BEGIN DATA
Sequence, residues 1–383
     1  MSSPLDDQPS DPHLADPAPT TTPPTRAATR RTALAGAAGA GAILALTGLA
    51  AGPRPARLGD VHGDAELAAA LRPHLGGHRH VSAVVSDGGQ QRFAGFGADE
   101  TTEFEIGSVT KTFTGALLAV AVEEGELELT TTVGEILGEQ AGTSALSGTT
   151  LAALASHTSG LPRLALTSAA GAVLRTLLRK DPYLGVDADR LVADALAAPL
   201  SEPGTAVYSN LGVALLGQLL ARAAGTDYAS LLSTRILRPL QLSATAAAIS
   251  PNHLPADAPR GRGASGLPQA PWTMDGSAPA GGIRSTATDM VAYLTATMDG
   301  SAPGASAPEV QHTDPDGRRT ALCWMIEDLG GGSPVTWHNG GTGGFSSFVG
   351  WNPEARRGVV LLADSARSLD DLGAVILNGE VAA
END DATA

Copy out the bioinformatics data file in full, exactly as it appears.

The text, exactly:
Sequence, residues 1–383
     1  MSSPLDDQPS DPHLADPAPT TTPPTRAATR RTALAGAAGA GAILALTGLA
    51  AGPRPARLGD VHGDAELAAA LRPHLGGHRH VSAVVSDGGQ QRFAGFGADE
   101  TTEFEIGSVT KTFTGALLAV AVEEGELELT TTVGEILGEQ AGTSALSGTT
   151  LAALASHTSG LPRLALTSAA GAVLRTLLRK DPYLGVDADR LVADALAAPL
   201  SEPGTAVYSN LGVALLGQLL ARAAGTDYAS LLSTRILRPL QLSATAAAIS
   251  PNHLPADAPR GRGASGLPQA PWTMDGSAPA GGIRSTATDM VAYLTATMDG
   301  SAPGASAPEV QHTDPDGRRT ALCWMIEDLG GGSPVTWHNG GTGGFSSFVG
   351  WNPEARRGVV LLADSARSLD DLGAVILNGE VAA